You don’t understand this now, because the footage is grainy, but teams did not play the way those 1997 and 1998 Carolina teams played. It was even a little jarring to Tar Heel fans how much fun that group seemed to have dunking on everyone. Okulaja was sometimes the one doing the dunking, but he was just as often the one making the key pass or the important steal that led to the jam—and then he was enjoying it just as much as the rest of us.

“Ademola was the ultimate glue guy,” said Ed Cota, the point guard on those 1997-99 teams, said on Tuesday afternoon. “He was a true team player and a coach’s dream.”

Okulaja started ahead of Carter for much of the 1995-96 season, and luckily most of us didn’t really understand the internet then, because whether we would have broken it posting about Dean Smith knew what he was doing. By the time he was a senior, Okulaja was a first team All-ACC selection, the perfect testament to the evolution of a four-year Carolina basketball player.

A true citizen of the world, Okulaja isn’t merely someone who is an important part of Tar Heel history. He was in Berlin when the Berlin Wall came down. When it fell, he visited the site with his mother and brother to grab a handful of the relic. There are people mourning across the world today—not just in Chapel Hill—because they were fortunate enough to know Ademola Okulaja.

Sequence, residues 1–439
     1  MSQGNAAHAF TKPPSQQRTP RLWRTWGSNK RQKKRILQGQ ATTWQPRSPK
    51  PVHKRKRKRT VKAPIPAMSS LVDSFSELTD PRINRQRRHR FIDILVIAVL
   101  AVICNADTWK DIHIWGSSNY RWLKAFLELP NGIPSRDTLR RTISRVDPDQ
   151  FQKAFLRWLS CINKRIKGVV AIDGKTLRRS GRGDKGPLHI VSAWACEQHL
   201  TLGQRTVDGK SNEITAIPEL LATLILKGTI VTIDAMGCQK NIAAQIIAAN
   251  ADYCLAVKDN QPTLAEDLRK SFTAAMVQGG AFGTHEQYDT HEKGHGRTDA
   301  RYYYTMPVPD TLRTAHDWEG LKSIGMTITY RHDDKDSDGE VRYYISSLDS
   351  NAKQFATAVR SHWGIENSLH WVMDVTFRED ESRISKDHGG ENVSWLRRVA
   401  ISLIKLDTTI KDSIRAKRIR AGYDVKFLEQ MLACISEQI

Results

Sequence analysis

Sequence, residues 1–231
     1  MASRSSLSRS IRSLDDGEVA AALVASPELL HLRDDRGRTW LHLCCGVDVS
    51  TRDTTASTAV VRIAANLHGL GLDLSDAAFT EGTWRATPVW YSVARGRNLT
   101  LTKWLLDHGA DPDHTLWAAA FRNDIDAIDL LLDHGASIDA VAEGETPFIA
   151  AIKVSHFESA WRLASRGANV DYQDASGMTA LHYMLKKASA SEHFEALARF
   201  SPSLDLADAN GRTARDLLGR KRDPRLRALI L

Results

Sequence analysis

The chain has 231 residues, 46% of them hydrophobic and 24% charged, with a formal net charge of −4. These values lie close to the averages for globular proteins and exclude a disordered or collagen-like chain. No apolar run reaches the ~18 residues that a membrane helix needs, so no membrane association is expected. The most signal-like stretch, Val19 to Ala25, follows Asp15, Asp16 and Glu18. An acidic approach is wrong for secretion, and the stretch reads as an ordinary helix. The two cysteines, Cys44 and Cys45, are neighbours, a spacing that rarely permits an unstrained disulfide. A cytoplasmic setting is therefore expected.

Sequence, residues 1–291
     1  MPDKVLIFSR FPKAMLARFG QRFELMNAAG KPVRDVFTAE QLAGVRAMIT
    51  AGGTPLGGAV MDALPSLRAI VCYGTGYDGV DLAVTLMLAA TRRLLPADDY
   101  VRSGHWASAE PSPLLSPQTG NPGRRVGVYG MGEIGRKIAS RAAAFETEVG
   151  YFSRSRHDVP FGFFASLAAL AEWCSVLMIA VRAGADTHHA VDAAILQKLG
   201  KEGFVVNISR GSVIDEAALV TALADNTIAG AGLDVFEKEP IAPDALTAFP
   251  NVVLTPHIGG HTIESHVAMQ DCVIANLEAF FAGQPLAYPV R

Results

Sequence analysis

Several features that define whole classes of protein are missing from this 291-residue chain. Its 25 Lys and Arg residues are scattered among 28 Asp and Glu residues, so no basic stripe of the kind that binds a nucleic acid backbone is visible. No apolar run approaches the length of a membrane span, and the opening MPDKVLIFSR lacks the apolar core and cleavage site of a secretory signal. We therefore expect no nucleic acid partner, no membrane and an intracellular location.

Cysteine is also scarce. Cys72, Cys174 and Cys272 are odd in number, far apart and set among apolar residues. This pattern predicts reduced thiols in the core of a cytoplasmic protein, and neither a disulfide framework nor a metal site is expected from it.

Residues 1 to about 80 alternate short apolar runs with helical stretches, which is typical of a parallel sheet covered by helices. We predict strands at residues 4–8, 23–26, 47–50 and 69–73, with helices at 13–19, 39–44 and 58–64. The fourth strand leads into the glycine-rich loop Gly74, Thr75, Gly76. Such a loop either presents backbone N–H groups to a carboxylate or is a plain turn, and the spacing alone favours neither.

In 2019, he compared playing for Carolina to being there as the Berlin Wall tumbled. “In the same way, you’re a part of history,” he said. “But you don’t realize you’re a part of history people will still be talking about 100 years down the road. You’re there, but you don’t quite grab (the significance).”

He battled cancer in 2008, at the end of his basketball career, but he beat it. Of course he beat it. Ademola Okulaja did not lose. Ademola Okulaja made game-winning three-pointers at University Hall in Charlottesville and went to two Final Fours and…today, Ademola Okulaja–the same man who did not eat red meat and worked out religiously and was a loving father to two sons- -did.

That simply doesn’t seem possible. Vince and Antawn don’t seem the same without Ademola. Theirs is a trio, always has been.

Ademola Okulaja was 46 years old.